"No right-minded sailor discards what might yet save him," a first mate tells one of his desperate men after a month adrift at sea. Screenwriter Charles Leavitt (Blood Diamond) and director Ron Howard (A Beautiful Mind, Apollo 13, Frost/Nixon) take that mantra and sail it right into the middle of the Pacific, where it accounts for the sluggish maudlin wreck that is their latest venture, In the Heart of the Sea. Based on Nathaniel Philbrick's best-selling book of the same name, the film makes the true story of the Essex, a Nantucket whaling ship that was stove by a white whale in 1821, into the driving inspiration behind Herman Melville's Moby-Dick. (In reality the story was one of many accounts that Melville drew upon.)
Shot in utterly gratuitous 3D, overly reliant on whizz-bang CGI and other special effects that do little to mitigate the flimsy sets, atrocious accents (a grating mashup of Masshole and cockney brogue) and eye-rolling one-liners, the film opens with Melville (Ben Whishaw), insecure about his status in the American literary pantheon, offering Thomas Nickerson (Brendan Gleeson), a sodden inn owner and the last surviving member of the Essex, a thick stack of cash to tell him about the doomed journey. Nickerson, hounded by the terrible things he witnessed as a 14-year old deck boy, is driven to confession by Melville's insistence—and a bottle of whiskey.
Chris Hemsworth plays Owen Chase, a strapping blond-haired proletarian "landsman" who is bumped from his rightful place as captain on the Essex's voyage in order to give George Pollard (Benjamin Walker), a quivering and sallow-faced brunette, a chance to impress his blue-blooded islander father. Howard and Leavitt relish in the vapidity of the tension between Chase and Pollard, relying on the most tired tropes about American pastoral exceptionalism imaginable: Pollard is an effete metropolitan who relies on deep-pocketed family connections for his position; Chase is a rugged loner, a farmer when not a sailor, hard-working and true. (I can't have been the only one to sense a whiff of anti-semitic fantasy in that dialectic.)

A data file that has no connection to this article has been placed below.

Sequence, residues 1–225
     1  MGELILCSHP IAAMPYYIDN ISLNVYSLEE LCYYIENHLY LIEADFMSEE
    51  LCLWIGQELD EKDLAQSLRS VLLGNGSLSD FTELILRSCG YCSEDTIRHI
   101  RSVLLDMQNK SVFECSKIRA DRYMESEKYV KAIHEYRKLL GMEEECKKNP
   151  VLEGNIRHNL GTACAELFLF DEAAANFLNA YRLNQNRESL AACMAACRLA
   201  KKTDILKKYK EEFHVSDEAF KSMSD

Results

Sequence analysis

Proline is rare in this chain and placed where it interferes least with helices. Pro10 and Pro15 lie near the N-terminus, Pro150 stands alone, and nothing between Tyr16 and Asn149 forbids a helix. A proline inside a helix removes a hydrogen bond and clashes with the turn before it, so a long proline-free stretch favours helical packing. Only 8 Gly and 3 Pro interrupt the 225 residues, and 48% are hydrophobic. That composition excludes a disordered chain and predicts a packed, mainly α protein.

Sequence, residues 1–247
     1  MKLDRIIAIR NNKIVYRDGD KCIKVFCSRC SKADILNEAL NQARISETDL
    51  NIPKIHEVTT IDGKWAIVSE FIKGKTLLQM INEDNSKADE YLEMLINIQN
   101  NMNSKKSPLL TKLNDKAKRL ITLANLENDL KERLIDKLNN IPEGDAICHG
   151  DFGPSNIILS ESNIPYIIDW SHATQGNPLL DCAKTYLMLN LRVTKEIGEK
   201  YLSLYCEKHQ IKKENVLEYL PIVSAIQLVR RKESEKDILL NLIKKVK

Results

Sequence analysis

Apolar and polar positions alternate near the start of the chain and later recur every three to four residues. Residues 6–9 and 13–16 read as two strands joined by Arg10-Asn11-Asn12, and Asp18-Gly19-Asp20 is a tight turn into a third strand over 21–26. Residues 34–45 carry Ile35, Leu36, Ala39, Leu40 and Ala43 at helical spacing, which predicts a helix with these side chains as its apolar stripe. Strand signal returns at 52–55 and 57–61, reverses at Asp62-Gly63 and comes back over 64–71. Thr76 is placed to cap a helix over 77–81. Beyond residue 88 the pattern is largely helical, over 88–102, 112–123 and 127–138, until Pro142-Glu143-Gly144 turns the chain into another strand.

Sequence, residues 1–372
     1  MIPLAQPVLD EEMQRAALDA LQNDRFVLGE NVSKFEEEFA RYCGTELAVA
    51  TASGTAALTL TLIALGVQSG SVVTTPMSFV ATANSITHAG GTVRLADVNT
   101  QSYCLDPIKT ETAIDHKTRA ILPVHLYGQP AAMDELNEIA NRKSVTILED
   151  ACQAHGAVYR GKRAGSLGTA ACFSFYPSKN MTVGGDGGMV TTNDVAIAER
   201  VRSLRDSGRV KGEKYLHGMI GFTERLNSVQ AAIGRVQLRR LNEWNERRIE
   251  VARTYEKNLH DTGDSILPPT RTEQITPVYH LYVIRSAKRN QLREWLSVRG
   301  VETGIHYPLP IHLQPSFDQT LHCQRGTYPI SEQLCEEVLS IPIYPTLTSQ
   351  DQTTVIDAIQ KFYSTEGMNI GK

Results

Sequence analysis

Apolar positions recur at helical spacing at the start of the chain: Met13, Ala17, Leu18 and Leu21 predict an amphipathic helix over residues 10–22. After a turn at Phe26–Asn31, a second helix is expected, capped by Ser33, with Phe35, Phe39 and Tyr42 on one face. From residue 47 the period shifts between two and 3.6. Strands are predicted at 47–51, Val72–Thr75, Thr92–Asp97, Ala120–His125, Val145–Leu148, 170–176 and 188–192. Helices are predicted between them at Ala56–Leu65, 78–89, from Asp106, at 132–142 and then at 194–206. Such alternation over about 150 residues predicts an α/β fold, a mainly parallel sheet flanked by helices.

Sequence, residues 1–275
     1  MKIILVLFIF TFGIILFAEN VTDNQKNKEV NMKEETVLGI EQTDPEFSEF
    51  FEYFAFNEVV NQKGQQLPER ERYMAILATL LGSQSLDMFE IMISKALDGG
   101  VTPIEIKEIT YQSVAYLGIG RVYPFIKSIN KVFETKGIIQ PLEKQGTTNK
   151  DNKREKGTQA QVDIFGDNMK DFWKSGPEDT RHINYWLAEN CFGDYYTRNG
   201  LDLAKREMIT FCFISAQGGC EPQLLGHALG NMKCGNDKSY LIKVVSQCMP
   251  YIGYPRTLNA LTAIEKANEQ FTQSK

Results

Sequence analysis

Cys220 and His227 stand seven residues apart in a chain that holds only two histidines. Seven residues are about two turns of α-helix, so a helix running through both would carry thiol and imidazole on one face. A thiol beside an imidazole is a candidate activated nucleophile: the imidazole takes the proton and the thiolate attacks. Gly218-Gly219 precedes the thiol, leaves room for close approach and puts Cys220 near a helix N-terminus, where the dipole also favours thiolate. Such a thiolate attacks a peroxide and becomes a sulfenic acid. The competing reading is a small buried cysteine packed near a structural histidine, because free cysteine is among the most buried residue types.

The boys are after whales and the barrels of oil within their heads, which, we are reminded time and again, bring light into American homes; Chase is made to promise the ship's financiers that he will bring in 2,000 barrels of illuminatory oil. (A biggish whale brings 50.) Pollard's incompetent arrogance nearly leads the vessel into disaster a few weeks into the voyage, but a tense peace with Chase leads them onward—though not to much oil. A brief stopover in a paradisiacal Ecuador introduces us to Capitán Pelaez, a one-armed Andalusian who warns the boys of a huge white whale—"that demon"—that roams among an unimaginable bounty of whales some 2,000 miles off-coast. Pollard and Chase, ignoring commandment #47 of terrible movies (always pay attention to the crippled brown guy's warning), sail off in pursuit of the easy catch, though of course they end up facing the demon instead.
With a movie like this one, where even the moderately-literate movie-goer can figure out the pablum-and-blubber-soaked ending within the first few minutes of screentime, filmmakers need something else to carry the film, be it snappy dialogue, smart acting, or daring photography. In the Heart of the Sea manages to fail on all counts, a remarkable feat given its A-list cast, crew, subject matter and budget.
In The Heart of the Sea
Directed by Ron Howard With Hemsworth,
Holland, Murphy, Walker
Regal Santa Fe Stadium 14